I started out coding in 2012 while still in school. Most of my first projects (a lot of them being 2D RTS games) were games as they allow you to experiment with lots of different areas of computer science (rendering, networking, multithreading, …) while also immediately rewarding your effort with something that can be intuitively understood.

After multiple (of course unfinished, as usual 🙂 ) two dimensional games and collecting some basic knowledge about programming, I soon became interested in 3D graphics and, being in the “do it yourself” mindset back then, started on trying to figure it out myself. After some initial experiments, I decided to work on writing a software point cloud renderer for geometrical shapes with a friend as part of a school project.

After some more attempts at optimizing the renderer by e.g. rasterizing polygons instead of displaying point cloud data, I quickly reverted back to sticking to 2D graphics for my projects. I also started doing non game related side projects, e.g. investigating and experimenting with unsupervised neural networks which lead me to implementing a hand writing recognition system using backpropagation.


While understanding everything from the ground up was still important for me, I soon realized the effectiveness of relying on libraries instead. At that time I also became interested in hardware rendering so I started exploring the world of OpenGL using the LWJGL Java binding. This lead to the development of multiple projects each building upon the knowledge about rendering gained in the previous one. Some of them resulted in prototypes for games, e.g. OrangeJuice which only relies on display lists instead of VBOs/VAOs and uses a constant ambient lighting while generating its visual cues about the environment’s geometry from a color gradient in the textures themselves.

A screenshot of OrangeJuice, one of my early attempts at 3D rendering using OpenGL. There is no lighting in this scene.

My next attempts soon grew more sophisticated, I really enjoyed figuring out and understanding how hardware based rendering pipelines worked, writing the first shaders, getting phong shading/lighting to work.

At one point, this cumulated in me starting development on my own game engine (Matella). It was mainly motivated by my discontent with the unflexibility of popular engines and wanting control of my own game update loop and rendering pipeline. For private projects, I most of the time still use Matella although for bigger projects I’d choose one of the popular engines as there are still a lot of features missing in mine which can be easily achieved using a commercial engine, e.g. an animation system, a physics engine or a deferred rendering system for more lights. The engine by now supports a lot of features including wavefront loading, terrain heightmap rendering, shadow mapping, post-processing, reflective water and particle rendering.

A demo scene from Matella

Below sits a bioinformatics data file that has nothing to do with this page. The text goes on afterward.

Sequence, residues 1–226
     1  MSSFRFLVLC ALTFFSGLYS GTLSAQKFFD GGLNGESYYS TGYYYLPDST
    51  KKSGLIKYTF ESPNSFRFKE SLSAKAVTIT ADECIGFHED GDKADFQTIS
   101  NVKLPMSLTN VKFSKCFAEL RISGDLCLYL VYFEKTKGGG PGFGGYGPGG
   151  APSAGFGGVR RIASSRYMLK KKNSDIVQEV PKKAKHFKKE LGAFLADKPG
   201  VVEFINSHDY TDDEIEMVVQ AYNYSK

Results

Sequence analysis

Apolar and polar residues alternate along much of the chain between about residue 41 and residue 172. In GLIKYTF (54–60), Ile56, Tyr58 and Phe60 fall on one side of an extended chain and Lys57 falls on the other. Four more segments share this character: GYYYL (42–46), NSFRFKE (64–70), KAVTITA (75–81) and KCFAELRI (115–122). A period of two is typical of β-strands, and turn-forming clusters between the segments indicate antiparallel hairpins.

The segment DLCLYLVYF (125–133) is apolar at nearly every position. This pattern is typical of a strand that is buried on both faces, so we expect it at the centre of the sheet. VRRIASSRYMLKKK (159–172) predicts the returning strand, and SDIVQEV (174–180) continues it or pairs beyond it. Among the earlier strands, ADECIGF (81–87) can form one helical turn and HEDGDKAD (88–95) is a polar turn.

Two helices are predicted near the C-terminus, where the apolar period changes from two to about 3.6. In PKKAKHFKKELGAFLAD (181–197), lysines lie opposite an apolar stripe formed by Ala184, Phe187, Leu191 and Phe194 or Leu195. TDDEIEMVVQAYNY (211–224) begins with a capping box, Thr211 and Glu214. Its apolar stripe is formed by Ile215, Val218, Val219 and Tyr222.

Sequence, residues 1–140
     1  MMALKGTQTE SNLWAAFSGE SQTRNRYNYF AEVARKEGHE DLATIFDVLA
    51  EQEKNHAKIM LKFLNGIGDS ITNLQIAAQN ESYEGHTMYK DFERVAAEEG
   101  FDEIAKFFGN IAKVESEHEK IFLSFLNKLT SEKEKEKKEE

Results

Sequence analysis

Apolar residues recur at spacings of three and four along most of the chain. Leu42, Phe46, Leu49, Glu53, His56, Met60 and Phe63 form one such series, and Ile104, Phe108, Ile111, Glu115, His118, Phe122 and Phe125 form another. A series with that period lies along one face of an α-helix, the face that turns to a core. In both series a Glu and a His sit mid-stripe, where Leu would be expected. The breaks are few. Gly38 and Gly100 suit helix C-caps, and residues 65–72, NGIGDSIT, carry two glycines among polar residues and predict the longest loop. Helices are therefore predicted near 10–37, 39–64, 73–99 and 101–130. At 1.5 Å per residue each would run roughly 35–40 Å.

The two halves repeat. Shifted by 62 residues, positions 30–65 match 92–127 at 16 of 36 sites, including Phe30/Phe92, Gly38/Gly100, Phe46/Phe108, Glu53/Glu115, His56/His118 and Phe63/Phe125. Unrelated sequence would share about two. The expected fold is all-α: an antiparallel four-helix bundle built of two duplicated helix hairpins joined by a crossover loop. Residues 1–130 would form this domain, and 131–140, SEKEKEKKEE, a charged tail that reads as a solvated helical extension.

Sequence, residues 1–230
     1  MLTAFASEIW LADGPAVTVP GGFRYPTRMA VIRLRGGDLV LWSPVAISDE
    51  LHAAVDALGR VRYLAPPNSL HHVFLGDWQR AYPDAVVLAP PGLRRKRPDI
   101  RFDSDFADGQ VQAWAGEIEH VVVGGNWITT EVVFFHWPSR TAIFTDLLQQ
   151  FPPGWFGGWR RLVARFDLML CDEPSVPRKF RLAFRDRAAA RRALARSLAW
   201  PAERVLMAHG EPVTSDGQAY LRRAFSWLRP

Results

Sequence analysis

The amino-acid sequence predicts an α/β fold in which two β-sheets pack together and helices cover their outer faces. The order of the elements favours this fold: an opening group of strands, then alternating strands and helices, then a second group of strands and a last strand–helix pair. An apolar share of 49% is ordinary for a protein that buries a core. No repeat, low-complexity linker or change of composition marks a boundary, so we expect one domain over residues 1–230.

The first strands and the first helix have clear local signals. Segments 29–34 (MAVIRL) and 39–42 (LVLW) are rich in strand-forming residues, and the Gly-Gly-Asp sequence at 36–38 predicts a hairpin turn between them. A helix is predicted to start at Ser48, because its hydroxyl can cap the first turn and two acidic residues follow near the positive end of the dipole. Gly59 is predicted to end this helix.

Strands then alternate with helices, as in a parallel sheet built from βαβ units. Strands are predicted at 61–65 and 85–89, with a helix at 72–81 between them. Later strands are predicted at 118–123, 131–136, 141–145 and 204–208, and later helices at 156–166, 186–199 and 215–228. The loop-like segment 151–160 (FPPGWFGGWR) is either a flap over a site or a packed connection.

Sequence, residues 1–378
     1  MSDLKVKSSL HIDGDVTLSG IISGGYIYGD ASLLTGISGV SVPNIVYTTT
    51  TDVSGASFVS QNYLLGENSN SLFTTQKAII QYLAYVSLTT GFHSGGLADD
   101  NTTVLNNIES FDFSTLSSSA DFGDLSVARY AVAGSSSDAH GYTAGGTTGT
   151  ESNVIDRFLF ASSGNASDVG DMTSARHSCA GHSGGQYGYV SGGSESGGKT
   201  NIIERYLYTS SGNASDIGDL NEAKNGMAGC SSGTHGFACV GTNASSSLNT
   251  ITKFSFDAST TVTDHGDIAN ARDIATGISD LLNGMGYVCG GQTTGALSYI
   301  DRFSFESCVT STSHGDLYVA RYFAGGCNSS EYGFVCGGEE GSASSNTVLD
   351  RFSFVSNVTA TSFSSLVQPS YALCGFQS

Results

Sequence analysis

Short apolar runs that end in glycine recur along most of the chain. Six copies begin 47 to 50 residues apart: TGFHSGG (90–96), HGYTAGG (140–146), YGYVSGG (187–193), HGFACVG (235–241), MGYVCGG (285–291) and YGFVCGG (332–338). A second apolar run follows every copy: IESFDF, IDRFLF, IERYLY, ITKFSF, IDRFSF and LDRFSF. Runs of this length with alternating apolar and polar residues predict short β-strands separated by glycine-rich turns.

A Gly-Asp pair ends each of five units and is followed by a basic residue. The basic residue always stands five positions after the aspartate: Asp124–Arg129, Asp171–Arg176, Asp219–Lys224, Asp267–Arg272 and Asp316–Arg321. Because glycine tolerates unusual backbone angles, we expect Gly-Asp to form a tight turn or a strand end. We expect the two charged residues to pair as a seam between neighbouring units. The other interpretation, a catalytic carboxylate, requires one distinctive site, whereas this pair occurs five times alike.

It has a model and world editor and allows dynamically shaping the terrain heightmap in real time.

The Matella world editor allows you to manipulate objects in the world like entities, lights, water and portals as well as shape the terrain heightmap. The portals shown in this image can be traversed seamlessly.

Later on, I also got interested in portal rendering which I implemented in Matella as well and used in a LudumDare entry (Shards).

Afterwards, I’ve somewhat diverted from rendering and games engineering, as, while I still have a tremendous amount of fun doing it, I’m sure that I don’t want to do it professionally.

After obtaining a VR headset, this is also what drove me back to implement VR support within my engine.

As I’m a huge fan of RTS games, I developed multiple games, one of which, Kirella, is based on the Matella engine. It is played in first person and uses a decentralized architecture (lockstep networking) in combination with flowfield pathfinding.

A scene from Kirella

Forged Alliance Forever

I’ve been contributing to the Forged Alliance Forever open source project since December 2016. FAF is a community made Lobby/Tournament/Map-/Mod-Vault project for the real time strategy (RTS) game Forged Alliance from 2007.
I’ve spent quite some time on one of their clients (Downlord’s FAF Client) using Spring and JavaFX.

The game internally uses a peer to peer network architecture that tends to disconnect players from the game regularly. Due to this I’ve also invested some time into fixing/writing an ICE adapter for NAT traversal which aims at tunneling all game connections through the local adapter and using the Interactive Connectivity Establishment (RFC 5245, candidate discovery, STUN+TURN) protocol for connecting to other players. It was deployed and is operating since 2019.

The debug window of the ice adapter after having established a connection to all players in game

Web developement

Although not being a fan of JavaScript, especially on the server side, in the beginning, at some point I decided to get into Web developement a bit. I’ve worked on different projects like a browser based RTS (rtsIO) and a meta game for the FAForever community with tight discord integration.
By now I’ve come to embrace the power of writing a web app that can then be deployed on desktop and mobile systems, using a web browser or electron, no matter the infrastructure.

I prefer statically typed languages though which is the reason I started learning Kotlin after discovering its ability to transpile to JavaScript as well as its interopability with existing Java code allowing usage for JVM cross platform deployment, building a web app and a native app, all from the same code base.


I’ve also got some experience with developing Android apps as I have implemented multiple games including a location based hide and seek application. (